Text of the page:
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COVID-19 Antibody Detection On-Site With High Sensitivity

Various vaccinations for SARS-CoV-2 have indeed been discovered, and vaccinations are being carried out all over the globe.

Antibodies testing, which uses a technology termed immune-chromatography, are used in the healthcare industry to evaluate if antigens were created as a consequence of viral acute infection.

COVID-19 Antibody Detection On-Site With High Sensitivity

The infection among people must be checked at the earliest to curb the spread of this virus. The methods that are used for such testing matter a lot and in most cases before the results declare the patient may have roamed to many places spreading the infection.

This new and quick method will help one know the results in a few minutes so that one can be sure about a further course of action.

The findings of this test, though, are not accurate or accurate since they are obtained by gazing at colored stripes on parchment with the human eye. To make matters worse, blood tests should be submitted to an outside test center for more exact, results, which can take anywhere from a few days maybe a week.

A scientific community at the RIKEN Centre for Emergent Matter Science (CEMS) has devised a qualified medical that could determine the number of autoantibodies that may defend us all from SARS-CoV-2, the viruses that produce COVID-19, quickly and accurately. This breakthrough was reported in the scholarly journal Proceedings of the Chemical Society and it is intended to make SARS-CoV-2 vaccination effectiveness testing more fast and accurate at healthcare facilities.

The method relies on the utilization of sunlight. After coating a plastic microchip with a light-reactive material, a test fluid carrying the specific protein is deposited onto the microprocessor in the shape of a patch. The microchip is then subjected to UV radiation, which causes the antibodies to become immobilized.

The scientists used this technology to create a microarray chip on which critical SARS-CoV-2 genes are fixed. When antigens in serum samples attach to virion on the chip, illumination is produced, and the quantity of light radiated can be accurately quantified using a CCD camera. As a result, this value can be used to measure the number of antibodies in a manner that immunochromatography cannot.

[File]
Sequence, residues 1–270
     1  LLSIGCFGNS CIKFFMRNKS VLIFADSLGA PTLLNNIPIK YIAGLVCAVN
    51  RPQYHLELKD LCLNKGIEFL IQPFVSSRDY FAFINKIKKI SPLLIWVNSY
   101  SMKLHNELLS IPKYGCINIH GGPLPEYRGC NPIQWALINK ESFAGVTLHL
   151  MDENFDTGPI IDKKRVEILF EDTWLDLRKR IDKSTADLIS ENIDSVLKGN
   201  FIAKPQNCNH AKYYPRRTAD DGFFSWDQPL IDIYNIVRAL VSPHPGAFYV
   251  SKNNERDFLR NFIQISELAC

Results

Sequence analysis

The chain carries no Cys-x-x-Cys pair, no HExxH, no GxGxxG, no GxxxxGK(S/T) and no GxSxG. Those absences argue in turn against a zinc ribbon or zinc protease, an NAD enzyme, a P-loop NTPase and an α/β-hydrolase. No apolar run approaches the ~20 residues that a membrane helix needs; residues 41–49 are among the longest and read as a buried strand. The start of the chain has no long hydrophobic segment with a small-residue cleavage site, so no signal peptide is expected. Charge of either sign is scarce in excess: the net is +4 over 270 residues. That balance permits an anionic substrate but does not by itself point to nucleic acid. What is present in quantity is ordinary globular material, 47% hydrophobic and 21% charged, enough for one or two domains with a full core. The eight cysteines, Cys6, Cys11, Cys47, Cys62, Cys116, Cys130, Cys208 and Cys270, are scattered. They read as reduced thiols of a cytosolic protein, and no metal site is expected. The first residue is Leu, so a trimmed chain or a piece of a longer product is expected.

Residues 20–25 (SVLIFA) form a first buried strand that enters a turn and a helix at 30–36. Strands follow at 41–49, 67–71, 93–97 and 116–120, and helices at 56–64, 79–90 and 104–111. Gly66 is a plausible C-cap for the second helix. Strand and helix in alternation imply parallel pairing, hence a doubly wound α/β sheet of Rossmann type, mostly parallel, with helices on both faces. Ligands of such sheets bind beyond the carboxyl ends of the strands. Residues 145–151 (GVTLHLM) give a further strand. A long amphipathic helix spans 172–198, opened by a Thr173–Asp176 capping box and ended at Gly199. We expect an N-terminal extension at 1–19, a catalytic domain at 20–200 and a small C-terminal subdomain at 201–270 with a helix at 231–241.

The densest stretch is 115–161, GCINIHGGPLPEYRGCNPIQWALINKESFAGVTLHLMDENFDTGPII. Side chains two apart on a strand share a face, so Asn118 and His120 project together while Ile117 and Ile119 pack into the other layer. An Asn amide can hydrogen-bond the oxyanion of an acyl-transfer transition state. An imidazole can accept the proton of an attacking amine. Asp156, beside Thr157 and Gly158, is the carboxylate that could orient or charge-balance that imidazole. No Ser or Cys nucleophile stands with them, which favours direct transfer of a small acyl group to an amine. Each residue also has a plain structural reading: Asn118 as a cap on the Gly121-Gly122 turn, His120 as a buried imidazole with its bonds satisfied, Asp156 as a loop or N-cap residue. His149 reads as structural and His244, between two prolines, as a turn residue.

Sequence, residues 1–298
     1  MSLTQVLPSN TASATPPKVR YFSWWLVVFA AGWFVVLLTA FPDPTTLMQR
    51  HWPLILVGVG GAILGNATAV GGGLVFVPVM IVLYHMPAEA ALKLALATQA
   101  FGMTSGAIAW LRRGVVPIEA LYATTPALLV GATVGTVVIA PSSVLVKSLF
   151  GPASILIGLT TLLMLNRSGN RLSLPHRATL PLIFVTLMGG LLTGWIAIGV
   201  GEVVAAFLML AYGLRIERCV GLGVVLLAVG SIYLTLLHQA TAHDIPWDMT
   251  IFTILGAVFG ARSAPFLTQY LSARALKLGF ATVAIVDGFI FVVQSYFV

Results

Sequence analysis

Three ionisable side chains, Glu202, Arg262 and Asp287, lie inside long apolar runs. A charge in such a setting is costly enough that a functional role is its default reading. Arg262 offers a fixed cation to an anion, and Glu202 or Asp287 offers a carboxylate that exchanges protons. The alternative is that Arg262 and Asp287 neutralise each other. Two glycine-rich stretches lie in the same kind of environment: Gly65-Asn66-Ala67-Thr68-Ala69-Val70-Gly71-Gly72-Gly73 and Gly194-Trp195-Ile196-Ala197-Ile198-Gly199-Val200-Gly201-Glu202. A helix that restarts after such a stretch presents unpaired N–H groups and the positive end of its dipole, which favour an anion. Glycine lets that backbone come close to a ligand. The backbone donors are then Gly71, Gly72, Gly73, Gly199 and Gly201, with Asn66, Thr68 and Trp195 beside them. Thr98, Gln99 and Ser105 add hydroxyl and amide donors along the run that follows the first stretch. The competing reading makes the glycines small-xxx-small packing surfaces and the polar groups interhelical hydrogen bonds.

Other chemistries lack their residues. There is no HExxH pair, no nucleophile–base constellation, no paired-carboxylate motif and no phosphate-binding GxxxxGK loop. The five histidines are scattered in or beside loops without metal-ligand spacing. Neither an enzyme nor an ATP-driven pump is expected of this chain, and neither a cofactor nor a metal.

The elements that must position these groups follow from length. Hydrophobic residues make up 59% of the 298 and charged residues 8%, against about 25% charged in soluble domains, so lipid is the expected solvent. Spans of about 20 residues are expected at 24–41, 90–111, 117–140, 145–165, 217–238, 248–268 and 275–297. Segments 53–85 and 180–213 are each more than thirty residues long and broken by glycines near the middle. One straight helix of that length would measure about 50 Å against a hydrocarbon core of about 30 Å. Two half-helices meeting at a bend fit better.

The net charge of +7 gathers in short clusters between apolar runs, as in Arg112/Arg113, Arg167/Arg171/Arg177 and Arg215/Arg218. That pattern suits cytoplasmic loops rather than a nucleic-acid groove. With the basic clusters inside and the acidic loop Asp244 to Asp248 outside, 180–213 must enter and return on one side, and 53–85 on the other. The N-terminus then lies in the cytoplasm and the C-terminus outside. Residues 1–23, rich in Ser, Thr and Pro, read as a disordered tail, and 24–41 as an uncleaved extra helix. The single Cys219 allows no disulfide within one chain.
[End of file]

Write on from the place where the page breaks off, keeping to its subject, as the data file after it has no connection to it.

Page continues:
The latest study is lead by Yoshihiro Ito of RIKEN CEMS, who created a method that immobilizes any organic component, particularly biological compounds, several decades previously. Ito and his team have worked to develop the method since then, concentrating on immobilizing diverse allergens in order to track the course of immunological illness.

They already have managed to establish a test kit based on a chip that is immobilized with over 40 distinct allergies. They’ve now expanded their diagnostic capabilities to include a technique that immobilizes numerous important SARS-CoV-2 proteins, enabling the automated detection of antibodies to SARS-CoV-2.

“Standard quantitative analysis of antibodies usually requires a half milliliter of blood drawn from one of your arms, which is a lot!” says Ito. “But in our system, all that is needed is a small drop of blood from the fingertip, and the sensitivity of the system is 500 times higher than that of conventional immunochromatography, meaning that detection is possible even when the number of antibodies is very low.”

“In the past, our team has succeeded in developing antibody detection systems for measles, rubella, and chickenpox. Now we can also detect antibodies for the COVID-19 virus. This system is practical to use and will enable precision testing at any medical facility, making it easier to quickly determine on-site whether or not vaccination is necessary. It can also be used to conduct epidemiological surveys in preparation for future pandemics,” says Ito.

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